If the powers that be really want to speed up play, they should talk with the marshals at the fictional Golden Greens Golf Course. According to The Case of the Missing Servant, by Tarquin Hall, the club is on the eastern outskirts of Delhi.
The Case of the Missing Servant doesn’t center on golf. It’s a mystery, includes a lot of detail about Indian culture, and contains an entertaining array of characters. If you like books similar to Agatha Christie’s Poirot series, you’ll probably like The Case of the Missing Servant. The lead character, Vish Puri, even likes to show off and wrap things up in front of a crowd, a la Poirot.
But back to speed of play. Near the end of book, one of the characters heads out to the course for an after-work round. He’s a golf nut, not a golf pro. His round is described as beginning at 8:30. It includes an eagle on 5 and a birdie on 8. He shoots 7 under par. He has a post-round Diet Coke and leaves the course “shortly after ten o’clock.” Total time for a 7 under par round and drinks: Just over 90 minutes.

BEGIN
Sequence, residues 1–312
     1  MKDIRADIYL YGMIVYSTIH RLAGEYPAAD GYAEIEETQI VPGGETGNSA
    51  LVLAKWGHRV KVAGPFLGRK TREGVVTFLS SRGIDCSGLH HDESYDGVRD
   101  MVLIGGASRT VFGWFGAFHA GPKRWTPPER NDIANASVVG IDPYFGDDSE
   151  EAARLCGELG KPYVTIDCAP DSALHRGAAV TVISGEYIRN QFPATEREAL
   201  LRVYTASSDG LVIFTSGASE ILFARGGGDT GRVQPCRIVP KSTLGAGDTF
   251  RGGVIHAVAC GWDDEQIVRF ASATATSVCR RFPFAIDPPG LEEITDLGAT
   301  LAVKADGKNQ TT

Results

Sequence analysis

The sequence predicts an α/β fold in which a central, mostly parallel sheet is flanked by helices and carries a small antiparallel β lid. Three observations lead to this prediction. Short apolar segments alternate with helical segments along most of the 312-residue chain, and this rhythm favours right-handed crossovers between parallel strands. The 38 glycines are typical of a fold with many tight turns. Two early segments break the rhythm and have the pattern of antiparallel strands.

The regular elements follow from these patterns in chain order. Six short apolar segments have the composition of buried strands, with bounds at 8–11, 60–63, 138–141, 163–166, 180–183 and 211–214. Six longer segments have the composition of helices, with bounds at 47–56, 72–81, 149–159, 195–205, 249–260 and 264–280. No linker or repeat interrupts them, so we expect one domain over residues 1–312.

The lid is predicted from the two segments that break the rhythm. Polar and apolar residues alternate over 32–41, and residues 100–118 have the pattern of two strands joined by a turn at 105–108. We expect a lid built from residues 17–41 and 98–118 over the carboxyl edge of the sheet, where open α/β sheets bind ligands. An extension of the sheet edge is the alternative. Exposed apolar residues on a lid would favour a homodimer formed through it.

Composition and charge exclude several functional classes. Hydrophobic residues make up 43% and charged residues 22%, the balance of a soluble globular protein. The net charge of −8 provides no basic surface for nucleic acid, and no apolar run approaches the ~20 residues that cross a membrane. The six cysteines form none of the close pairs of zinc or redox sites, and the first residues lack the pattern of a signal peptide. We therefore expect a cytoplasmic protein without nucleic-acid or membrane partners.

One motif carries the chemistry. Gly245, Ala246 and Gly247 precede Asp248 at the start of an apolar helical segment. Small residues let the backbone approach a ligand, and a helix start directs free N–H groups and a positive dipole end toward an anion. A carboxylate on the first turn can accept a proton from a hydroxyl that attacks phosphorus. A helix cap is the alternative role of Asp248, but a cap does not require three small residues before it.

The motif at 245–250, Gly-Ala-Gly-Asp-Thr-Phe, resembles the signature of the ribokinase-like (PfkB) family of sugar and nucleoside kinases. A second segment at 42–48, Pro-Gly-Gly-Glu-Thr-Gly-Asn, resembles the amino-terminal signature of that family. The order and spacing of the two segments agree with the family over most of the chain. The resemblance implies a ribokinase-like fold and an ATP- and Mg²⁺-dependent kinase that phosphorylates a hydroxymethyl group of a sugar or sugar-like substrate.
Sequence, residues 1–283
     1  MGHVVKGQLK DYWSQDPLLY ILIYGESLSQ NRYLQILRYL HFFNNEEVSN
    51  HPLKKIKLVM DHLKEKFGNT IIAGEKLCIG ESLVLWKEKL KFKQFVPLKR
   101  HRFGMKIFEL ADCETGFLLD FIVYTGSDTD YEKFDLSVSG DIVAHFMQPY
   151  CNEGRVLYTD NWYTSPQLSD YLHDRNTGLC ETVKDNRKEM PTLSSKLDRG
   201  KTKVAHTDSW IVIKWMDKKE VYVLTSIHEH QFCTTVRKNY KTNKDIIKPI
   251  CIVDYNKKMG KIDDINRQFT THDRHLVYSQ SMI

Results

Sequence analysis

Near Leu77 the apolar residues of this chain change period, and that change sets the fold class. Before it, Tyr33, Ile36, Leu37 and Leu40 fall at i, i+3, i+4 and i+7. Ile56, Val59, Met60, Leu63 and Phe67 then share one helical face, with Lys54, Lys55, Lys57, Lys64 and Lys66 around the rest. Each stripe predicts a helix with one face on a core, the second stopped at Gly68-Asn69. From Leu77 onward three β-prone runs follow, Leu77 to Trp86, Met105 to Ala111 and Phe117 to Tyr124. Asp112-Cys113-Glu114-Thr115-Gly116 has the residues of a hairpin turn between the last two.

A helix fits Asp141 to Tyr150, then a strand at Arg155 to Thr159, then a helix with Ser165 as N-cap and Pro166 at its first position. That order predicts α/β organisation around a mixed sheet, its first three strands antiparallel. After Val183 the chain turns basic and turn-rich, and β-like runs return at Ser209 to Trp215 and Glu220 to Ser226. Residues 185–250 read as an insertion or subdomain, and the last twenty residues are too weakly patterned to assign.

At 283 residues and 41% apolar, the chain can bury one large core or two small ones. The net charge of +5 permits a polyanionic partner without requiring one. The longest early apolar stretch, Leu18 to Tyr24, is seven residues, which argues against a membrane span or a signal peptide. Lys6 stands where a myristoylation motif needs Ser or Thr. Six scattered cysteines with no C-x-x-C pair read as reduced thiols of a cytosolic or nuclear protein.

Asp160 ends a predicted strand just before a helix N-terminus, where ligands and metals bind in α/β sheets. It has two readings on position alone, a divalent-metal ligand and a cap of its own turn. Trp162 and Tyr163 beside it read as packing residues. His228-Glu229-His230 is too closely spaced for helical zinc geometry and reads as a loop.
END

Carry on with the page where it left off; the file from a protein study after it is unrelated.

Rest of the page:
As you might expect, this description of golf was a bit disconcerting to me. Maybe the reason I’ve never shot 7 under is that I don’t play in less than 90 minutes. The number of holes played isn’t specified in the book so I suppose you could argue it was a quick 9, but if that’s the case I’d like a little more detail about going 7 under in 9. Doing it in 18 is amazing enough for an after-work round by a tech company employee. I’m also curious as to why one eagle and one birdie were singled out. I’d think those other 4 strokes under par were at least as noteworthy.
The book got good reviews. To be fair, it isn’t a golf book and the round of golf played no significant part in the plot. I thought the book was a fine representative of its species, with the added benefits of a little humor and insight into today’s India. But I can’t help wondering about how that round was presented.
On the other hand, if there’s someone out there who knows how to shoot 7 under in 90 minutes, there’s a grateful world and a lot of fame and fortune waiting for them.